The Victorian Labor government has pledged almost $1 billion from the state budget to build 25 new “reliable and energy” efficient trains.
Speaking in Ballarat on May 18, acting premier James Merlino said the state government’s project would create almost 750 jobs—including 150 jobs at Ballarat’s Alstom factory—in manufacturing and across the supply chain in Victoria.
“These are trains made in Victoria, for Victorians, by Victorians—supporting local jobs at a time we need them most,” Merlino said.
The new X’Trapolis 2.0 trains will support the gradual retirement of Victoria’s current Coming fleet, with the trains set to run through Melbourne’s Craigieburn, Upfield, and Frankston lines. The project will also see an upgrade to the Craigieburn Train Maintenance Facility.
The trains will be designed to carry 1200 people, beyond Comeng capacity of about 760.
The announcement follows two years of campaigning from Alstom and the unions for job security for the 70 workers at the Ballarat facility amid claims current staff had to find other activities while waiting for the announcement, reported The Herald Sun.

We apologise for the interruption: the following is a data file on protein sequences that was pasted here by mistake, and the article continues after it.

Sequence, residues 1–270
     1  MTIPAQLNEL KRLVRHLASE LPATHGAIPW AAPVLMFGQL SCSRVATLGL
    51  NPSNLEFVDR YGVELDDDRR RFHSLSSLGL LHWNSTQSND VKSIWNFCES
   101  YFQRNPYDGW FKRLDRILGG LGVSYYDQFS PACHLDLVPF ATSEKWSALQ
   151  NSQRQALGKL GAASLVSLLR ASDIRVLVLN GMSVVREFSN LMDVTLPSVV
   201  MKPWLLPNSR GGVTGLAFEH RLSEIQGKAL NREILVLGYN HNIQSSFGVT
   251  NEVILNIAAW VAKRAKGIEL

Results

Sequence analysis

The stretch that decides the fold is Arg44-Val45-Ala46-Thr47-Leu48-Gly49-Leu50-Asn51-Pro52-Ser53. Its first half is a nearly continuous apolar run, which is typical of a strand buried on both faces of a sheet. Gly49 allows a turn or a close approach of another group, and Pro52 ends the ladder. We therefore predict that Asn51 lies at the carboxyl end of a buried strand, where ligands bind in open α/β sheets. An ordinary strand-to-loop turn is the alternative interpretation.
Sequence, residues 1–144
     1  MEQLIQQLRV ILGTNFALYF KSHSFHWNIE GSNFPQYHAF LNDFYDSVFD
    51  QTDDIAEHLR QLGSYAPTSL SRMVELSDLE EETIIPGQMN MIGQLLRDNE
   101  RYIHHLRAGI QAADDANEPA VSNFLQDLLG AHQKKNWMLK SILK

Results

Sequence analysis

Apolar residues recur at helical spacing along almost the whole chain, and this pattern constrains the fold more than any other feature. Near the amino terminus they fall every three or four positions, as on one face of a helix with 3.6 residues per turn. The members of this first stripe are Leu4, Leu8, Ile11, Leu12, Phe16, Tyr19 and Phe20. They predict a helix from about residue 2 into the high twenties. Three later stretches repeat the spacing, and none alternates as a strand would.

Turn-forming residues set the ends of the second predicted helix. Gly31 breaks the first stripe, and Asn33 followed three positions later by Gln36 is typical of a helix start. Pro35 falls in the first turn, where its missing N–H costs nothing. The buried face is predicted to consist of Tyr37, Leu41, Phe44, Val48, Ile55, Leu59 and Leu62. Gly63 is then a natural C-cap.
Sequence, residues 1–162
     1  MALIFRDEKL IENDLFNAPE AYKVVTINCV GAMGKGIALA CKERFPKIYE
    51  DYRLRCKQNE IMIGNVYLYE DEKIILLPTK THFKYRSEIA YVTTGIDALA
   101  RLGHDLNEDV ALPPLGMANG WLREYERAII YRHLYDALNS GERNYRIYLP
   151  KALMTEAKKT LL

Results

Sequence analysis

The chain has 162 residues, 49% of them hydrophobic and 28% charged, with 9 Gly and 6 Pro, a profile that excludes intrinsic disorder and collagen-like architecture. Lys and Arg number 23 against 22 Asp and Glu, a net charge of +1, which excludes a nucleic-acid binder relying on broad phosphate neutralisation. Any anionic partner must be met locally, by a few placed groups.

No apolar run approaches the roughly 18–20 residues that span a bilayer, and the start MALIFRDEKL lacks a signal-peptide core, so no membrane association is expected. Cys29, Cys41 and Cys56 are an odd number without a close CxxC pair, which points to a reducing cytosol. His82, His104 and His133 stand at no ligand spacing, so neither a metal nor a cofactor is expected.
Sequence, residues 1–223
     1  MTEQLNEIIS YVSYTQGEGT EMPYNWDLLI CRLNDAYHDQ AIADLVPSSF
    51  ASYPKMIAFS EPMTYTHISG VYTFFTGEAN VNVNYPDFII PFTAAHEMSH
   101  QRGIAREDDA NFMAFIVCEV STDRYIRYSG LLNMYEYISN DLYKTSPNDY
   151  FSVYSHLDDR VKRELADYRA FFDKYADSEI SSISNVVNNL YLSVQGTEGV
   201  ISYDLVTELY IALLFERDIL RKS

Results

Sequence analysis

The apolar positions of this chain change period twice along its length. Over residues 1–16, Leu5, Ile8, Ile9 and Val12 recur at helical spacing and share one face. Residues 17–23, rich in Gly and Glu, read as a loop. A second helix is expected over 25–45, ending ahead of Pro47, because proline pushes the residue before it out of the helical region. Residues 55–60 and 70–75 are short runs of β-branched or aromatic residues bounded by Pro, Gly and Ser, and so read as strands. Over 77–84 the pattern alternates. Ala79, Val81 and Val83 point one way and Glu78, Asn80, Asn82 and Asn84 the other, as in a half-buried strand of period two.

“There’s nothing wrong with taking your time. Taking your time means you can get the design work done. You can work collaboratively with the department; you can have a good look at the lines that the train will run on, you can look at world’s best practice from Europe on what the modern train will do,” Minister for Public Transport Ben Carroll said.
Alstom Australia director Mark Coxon said the workshop was an integral part of the Ballarat community.
“We’ve seen many generations of workers come through this facility learning their craft and applying their trade, building trains for Victoria,” Coxon said.
Fifteen percent of jobs at the site would go to apprentices, while seven percent will go to disadvantaged Victorians, Coxon added.
However, Shadow Transport Infrastructure Minister David Davis has questions over whether the state government ran a proper tender process for the project.
“Victorian jobs are good, but let’s get the right jobs with the right trains,” he said.
Rail, Tram and Bus Union (RTBU) state secretary Luba Grigorovitch welcomed the announcement for the Ballarat workshops, reported the Herald Sun.
“The RTBU will continue the fight to ensure this order is the first of many creating a rail manufacturing pipeline for the Ballarat workshops,” Grigorovitch said.
Manufacturing is set to begin in late 2022, with about 60 percent of design and manufacturing being done in Victoria.
Some parts will be brought from China and Europe.
AAP contributed to this report.